Turkey Detains al-Baghdadi’s Sister, Hopes to Gain Intelligence

  • Baghdadi’s 65-year-old sister, Rasmiya Awad, was detained Monday in the city of Azaz.
  • "This kind of thing is an intelligence gold mine," an official told the AP.
  • Experts say it is uncertain how much useful information she can tell and how much time she spent with her brother at all.

Turkish authorities have detained the sister of the former leader of the terrorist organization Islamic State Abu Bakr al-Baghdadi. Baghdadi committed suicide last month when the US special forces cornered him in a tunnel during an impromptu raid in northwestern Syria.

Azaz is a city in northwest Syria, roughly 20 miles north-northwest of Aleppo. As of 2015, its inhabitants were almost entirely Sunni Muslims, mostly Arabs but also Kurds and Turkmen.

The terror group, Islamic State, in an audio tape made public on Thursday last week, confirmed that indeed its leader had been killed but vowed thorough revenge against the United States. Baghdadi’s 65-year-old sister, Rasmiya Awad, was detained Monday in the city of Azaz, located in northern Syria near the Turkey border.

Hope to Gather Information About IS

According to the AP news agency, Rasmiya Awad was found in a trailer where she lived with her husband, sister-in-law, and five children. “Rasmiya Awad, 65, was detained in a raid near Azaz, a Turkish official said, in reference to a Turkish-controlled Syrian border town. “This kind of thing is an intelligence gold mine. What she knows about (IS) can significantly expand our understanding of the group and help us catch more bad guys,” the official told the AP news.

According to Reuters, information on 65-year-old Rasmiya Awad is sparse, but experts say it is uncertain how much useful information she can tell and how much time she spent with her brother at all. “I don’t think she’d be privy to any imminent attack plans, but she might know smuggling routes. She might know networks that Baghdadi trusted, people that he trusted, networks in Iraq that helped her facilitate her own travel and her family’s travel,” Mike Pregent, a counter-terrorism expert at the Hudson Institute, told BBC World News. “This should be able to give our US intelligence and other allied intelligence officers a view into [IS] networks and how they moved family members, how they travelled and who they trusted.” He added.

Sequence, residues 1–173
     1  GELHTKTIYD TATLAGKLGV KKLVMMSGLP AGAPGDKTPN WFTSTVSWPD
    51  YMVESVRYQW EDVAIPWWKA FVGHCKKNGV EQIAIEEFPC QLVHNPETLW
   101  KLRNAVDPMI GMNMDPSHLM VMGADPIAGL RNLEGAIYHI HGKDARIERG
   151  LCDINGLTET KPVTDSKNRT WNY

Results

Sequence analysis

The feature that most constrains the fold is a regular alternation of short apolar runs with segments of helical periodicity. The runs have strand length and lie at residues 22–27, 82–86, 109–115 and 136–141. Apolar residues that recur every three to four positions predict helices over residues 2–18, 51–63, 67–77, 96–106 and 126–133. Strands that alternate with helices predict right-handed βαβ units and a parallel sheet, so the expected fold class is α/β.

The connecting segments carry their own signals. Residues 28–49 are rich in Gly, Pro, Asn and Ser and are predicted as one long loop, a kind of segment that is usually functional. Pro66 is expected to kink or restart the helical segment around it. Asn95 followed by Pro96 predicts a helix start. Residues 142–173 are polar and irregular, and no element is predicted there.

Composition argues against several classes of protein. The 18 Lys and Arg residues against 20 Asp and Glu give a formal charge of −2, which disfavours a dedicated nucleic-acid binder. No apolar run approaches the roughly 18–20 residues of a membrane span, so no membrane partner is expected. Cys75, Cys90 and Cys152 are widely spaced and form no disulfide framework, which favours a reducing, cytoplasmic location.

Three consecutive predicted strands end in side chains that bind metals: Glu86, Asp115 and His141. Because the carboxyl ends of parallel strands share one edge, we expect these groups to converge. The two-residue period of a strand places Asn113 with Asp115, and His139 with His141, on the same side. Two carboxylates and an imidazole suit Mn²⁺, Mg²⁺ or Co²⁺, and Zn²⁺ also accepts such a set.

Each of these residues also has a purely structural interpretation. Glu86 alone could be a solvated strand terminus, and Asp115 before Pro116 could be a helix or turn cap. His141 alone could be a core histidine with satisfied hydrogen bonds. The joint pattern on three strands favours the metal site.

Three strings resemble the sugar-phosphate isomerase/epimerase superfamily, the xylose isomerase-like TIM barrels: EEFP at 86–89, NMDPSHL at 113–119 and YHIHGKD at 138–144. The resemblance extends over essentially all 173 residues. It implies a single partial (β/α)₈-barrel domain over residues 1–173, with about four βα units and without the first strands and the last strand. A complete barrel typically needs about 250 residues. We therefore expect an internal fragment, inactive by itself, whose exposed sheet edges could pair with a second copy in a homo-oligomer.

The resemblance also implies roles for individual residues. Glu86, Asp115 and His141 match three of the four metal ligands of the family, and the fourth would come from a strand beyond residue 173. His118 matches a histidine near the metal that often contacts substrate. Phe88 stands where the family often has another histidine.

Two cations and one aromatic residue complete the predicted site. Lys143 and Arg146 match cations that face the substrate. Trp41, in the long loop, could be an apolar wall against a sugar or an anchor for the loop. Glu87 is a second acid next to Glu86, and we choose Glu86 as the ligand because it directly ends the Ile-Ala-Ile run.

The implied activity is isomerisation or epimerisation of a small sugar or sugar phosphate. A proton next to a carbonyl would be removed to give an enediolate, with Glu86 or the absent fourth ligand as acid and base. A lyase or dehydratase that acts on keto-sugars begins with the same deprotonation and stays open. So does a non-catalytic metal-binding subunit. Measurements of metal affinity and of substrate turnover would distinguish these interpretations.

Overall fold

The Islamic State of Iraq and the Levant (ISIL, ISIS), officially known as the Islamic State (IS) and also known by its Arabic language acronym Daesh is a Salafi jihadist militant group and former unrecognised proto-state that follows a fundamentalist, Salafi doctrine of Sunni Islam.

IS has Named a New Leader

Baghdadi killed himself when US special forces last month struck against his hiding place in Syria. Baghdadi, along with three of his children, fled into a tunnel from which there was no exit. Squeezed into a corner, he chose to detonate a suicide vest.
On Thursday, Islamic State confirmed in an audio recording posted on the internet that the movement’s top leader was indeed no more. At the same time, Islamic State swore that the terrorist group would take revenge on the United States.

Islamic State has appointed a replacement for Abu Bakr al-Baghdadi. The new leader is called Abu Ibrahim al-Hashemi al-Quraishi. Washington has confirmed that it is investigating his background and his whereabouts in general. The IS leader had five brothers and several sisters, but it is unclear whether all siblings are alive, as reported by The New York Times.

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Vincent Ferdinand

News reporting is my thing. My view of what is happening in our world is colored by my love of history and how the past influences events taking place in the present time.  I like reading politics and writing articles. It was said by Geoffrey C. Ward, "Journalism is merely history's first draft." Everyone who writes about what is happening today is indeed, writing a small part of our history.

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